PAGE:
Morning Coffee: The Wedding

SummerNot a wedding. The Wedding. You know which one I mean, Prince Harry and Meghan Markle, the handsome ginger-haired British prince and the divorced bi-racial American actress. The new Duke and Duchess of Sussex. Until now, a storyline you’d only find in a romance novel.

Millions of people from around the world watched in awe, many getting up very early or staying up all night, so as to not miss a moment of the magic. There were the celebrities alongside the royals. There was the bride’s African American mother wiping tears of joy from her face while the groom’s family sat stoically and stone-faced in their seats; no doubt happy for the prince but just not accustomed to showing their emotions. And then there was the black American Episcopalian Rev Michael Curry who gave a beautiful and rousing sermon on love; again, much to the surprise of the royal family.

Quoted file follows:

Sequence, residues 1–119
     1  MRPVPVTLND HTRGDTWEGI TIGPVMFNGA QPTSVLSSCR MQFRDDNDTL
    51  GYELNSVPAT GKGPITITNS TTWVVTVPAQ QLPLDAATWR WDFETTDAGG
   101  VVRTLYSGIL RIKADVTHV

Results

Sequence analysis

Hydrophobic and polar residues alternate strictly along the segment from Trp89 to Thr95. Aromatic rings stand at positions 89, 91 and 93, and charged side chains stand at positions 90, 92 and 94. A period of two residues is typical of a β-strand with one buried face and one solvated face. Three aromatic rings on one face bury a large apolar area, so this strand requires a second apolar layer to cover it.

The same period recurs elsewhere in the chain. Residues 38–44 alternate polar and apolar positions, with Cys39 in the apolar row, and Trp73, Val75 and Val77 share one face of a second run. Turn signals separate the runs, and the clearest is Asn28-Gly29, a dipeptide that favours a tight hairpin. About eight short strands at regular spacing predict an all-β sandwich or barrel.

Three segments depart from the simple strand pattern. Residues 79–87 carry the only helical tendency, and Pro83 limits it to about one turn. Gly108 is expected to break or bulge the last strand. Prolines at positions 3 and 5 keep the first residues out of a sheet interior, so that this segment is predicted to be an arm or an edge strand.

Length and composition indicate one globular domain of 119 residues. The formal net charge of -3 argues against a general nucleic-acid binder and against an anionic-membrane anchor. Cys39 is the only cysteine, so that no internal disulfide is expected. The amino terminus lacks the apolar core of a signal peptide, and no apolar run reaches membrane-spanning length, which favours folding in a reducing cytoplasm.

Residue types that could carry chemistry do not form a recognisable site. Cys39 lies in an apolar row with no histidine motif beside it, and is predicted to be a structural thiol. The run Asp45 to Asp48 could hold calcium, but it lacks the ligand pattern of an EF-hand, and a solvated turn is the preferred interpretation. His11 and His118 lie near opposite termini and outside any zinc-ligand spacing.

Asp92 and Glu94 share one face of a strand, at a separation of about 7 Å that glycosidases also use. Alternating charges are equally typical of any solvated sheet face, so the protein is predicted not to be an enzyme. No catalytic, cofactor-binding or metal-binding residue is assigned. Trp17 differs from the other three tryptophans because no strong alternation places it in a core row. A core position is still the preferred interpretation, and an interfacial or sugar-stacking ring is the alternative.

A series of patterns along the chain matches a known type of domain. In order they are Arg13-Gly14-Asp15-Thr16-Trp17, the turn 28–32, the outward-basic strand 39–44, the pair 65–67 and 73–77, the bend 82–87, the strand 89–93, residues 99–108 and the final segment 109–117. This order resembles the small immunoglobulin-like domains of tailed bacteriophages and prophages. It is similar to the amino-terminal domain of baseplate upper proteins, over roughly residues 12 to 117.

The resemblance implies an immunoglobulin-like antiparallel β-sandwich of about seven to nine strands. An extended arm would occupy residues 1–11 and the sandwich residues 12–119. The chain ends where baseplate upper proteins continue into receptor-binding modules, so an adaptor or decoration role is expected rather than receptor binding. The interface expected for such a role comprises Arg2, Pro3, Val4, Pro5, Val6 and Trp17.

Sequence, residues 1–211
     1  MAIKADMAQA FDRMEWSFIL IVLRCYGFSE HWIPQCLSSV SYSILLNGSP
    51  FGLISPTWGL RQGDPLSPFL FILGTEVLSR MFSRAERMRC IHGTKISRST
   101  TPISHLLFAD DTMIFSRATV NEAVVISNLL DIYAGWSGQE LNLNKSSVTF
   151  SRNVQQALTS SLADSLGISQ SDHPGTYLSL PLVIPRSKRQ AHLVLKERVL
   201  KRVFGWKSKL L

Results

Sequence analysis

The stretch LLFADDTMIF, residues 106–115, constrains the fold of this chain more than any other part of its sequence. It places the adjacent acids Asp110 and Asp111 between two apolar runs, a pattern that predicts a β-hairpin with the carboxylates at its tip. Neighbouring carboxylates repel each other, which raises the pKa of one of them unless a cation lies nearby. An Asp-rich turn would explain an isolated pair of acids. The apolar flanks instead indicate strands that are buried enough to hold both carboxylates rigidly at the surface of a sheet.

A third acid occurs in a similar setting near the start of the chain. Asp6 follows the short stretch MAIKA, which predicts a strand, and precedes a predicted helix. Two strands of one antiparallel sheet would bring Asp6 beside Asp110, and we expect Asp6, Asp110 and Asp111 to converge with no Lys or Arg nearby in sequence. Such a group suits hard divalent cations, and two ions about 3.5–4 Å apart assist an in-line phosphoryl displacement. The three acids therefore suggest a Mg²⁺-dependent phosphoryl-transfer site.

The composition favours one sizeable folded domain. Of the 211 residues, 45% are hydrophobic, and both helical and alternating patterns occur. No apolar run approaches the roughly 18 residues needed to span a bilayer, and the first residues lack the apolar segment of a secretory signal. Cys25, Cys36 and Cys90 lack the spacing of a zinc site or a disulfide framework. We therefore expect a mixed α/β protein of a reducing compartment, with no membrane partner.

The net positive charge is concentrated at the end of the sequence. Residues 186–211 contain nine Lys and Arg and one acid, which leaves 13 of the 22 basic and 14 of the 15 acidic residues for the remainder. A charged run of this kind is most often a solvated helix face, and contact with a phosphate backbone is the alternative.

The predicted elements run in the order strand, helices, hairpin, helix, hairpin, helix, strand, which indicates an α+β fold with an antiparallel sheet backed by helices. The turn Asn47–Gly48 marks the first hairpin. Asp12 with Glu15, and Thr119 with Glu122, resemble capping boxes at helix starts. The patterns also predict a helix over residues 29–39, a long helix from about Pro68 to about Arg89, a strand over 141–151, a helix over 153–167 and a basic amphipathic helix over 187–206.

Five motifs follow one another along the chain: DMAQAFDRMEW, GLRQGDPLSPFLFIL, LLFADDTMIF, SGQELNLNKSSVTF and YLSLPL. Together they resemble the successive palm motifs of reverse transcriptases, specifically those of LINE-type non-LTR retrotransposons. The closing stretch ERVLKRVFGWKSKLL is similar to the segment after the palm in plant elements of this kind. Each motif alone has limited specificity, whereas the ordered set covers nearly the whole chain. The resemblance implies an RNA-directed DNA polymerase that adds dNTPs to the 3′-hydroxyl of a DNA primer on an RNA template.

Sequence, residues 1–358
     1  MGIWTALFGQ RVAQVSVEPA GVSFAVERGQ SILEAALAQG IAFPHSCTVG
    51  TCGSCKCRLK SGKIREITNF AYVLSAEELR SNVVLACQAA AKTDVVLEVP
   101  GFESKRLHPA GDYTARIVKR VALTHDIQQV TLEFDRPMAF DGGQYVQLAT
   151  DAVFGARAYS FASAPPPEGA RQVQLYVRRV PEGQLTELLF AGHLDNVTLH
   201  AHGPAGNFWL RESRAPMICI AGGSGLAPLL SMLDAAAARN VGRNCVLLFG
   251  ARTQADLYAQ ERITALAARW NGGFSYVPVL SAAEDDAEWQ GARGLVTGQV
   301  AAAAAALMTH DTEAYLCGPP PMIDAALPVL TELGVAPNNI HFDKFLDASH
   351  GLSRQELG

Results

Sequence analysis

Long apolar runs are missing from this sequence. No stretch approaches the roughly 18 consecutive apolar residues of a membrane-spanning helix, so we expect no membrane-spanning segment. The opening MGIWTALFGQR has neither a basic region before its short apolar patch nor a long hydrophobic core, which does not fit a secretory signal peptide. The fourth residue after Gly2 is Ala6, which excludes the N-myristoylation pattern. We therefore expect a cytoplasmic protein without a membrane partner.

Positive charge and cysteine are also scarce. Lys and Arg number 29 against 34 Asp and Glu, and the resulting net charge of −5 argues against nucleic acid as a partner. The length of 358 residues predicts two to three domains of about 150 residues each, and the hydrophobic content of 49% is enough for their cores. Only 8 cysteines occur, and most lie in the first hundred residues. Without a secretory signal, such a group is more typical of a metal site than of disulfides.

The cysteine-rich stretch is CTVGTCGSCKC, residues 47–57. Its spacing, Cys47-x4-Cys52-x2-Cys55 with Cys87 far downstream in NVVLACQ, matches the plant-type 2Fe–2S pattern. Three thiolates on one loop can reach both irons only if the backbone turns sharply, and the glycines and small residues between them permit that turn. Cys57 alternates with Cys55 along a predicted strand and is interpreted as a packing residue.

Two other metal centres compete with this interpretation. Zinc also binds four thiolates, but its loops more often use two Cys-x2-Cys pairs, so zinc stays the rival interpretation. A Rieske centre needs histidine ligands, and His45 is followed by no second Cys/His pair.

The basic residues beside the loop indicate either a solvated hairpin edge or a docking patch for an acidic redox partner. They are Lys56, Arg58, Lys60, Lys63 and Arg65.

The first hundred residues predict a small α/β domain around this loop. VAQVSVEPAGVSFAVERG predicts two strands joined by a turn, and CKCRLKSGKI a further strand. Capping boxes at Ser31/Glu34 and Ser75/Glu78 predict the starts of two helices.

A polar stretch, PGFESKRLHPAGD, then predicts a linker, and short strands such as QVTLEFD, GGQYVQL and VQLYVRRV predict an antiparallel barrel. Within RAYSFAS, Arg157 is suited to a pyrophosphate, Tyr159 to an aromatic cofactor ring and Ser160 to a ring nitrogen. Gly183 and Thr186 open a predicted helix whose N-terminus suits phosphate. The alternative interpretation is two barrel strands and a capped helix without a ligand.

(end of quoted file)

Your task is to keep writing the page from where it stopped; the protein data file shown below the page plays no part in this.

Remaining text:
A lot was said about what everyone was wearing: the style, the designer, the color, and, of course, the hats. Leading up to the big day much was heard from the bride’s half-sister and half-brother about why they thought she was evil and hateful. Speculations were made over whether or not her father would be there to give her away…and ultimately, why not. I think there was probably more jealousy and tabloid money greed than heartfelt warnings behind their tales of woe.